NOTE: This content is old - Published: Thursday, Nov 28th, 2019.
Plans to demolish a monastery in Flintshire and replace it with 15 new homes look set to be given the green light.
Last year, a group of nuns based at the Poor Clare Colettine Monastery in Hawarden took the decision to leave after spending 90 years in the village.
They said they had chosen to join members of their order in Nottingham because of mounting maintenance costs.
Eccleston Homes later submitted an application to knock down the buildings on Upper Aston Hall Lane and create 15 detached houses.
[Poor Clares Colettine Monastery]
The scheme has now been recommended for approval by a senior figure at Flintshire Council, despite the site being located on green barrier land.
Chief planning officer Andrew Farrow said there were “very exceptional circumstances” to justify the development, including the previous use of the existing properties as living accommodation.
In a report set to go before councillors next week, he said: “Members will be aware that the site was formerly in use as a monastery building.
“This use involved the residential occupation of the site by the members of the order situated within the monastery.
“The site has not been put to any intervening use since the cessation of occupation by the order and therefore the site benefits from an existing and extant lawful use for residential occupation.
“The site is located in close proximity to a range of services, including shops and schools; transport nodes including bus routes and rail station; and sits directly adjacent extensive and well equipped recreation grounds at Gladstone Fields.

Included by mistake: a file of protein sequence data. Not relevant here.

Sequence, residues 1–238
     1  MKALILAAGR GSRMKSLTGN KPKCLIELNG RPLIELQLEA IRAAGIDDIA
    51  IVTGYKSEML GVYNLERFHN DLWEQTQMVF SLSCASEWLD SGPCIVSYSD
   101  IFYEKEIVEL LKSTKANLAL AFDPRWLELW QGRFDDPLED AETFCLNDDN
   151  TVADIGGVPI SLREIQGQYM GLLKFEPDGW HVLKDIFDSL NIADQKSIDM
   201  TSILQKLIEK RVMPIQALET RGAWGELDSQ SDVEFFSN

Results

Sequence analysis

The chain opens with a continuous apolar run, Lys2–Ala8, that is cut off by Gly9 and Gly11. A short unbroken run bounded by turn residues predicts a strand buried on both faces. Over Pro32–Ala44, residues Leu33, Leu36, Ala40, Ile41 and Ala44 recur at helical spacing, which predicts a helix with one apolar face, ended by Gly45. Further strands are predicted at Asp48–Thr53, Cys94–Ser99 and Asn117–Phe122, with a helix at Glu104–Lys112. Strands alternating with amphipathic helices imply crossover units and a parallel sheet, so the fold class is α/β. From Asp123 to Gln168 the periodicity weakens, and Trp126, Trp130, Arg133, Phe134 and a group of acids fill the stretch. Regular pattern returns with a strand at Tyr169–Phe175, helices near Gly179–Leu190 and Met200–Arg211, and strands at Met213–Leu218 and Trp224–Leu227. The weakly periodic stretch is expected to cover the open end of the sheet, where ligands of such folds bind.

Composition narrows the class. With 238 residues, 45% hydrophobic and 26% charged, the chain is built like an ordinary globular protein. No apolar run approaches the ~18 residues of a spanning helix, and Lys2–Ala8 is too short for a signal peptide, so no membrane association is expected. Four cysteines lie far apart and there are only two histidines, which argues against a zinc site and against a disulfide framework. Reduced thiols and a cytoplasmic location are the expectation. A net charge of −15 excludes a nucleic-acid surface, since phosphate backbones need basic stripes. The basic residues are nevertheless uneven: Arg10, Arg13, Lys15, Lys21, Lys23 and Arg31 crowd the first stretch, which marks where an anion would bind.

“Accordingly, I conclude that these factors, taken in combination, are such that the very exceptional circumstances required to be demonstrated to support development of this form within a green barrier have been demonstrated.”
A handful of objections have been received by the council against the proposals.
They include concerns raised by Hawarden Community Council that it could lead to an increase in the number of cars using Upper Aston Hall Lane, which is used as a travel route by pupils attending Hawarden High School.
Mr Farrow said planning conditions would be put in place regarding access to the site if permission is granted.
A financial contribution of £55,000 is also being sought to address capacity issues at the secondary school.
In the planning documents, architects acting on behalf of the developers said the existing monastery buildings would need to be cleared as they are not suitable to be converted.
[Style of the four bed houses]
Representatives from Cass Associates said: “The complex of buildings date from the period following the Second World War.
“The extant buildings were designed and used to meet the particular requirements of the nuns.“The specific design, function and layout of the complex of buildings makes conversion to other viable uses impractical.
“The complex of buildings is not protected and are not of particular architectural significance.”
The application will be considered by the local authority’s planning committee at a meeting on Wednesday.
By Liam Randall – Local Democracy Reporter (more here).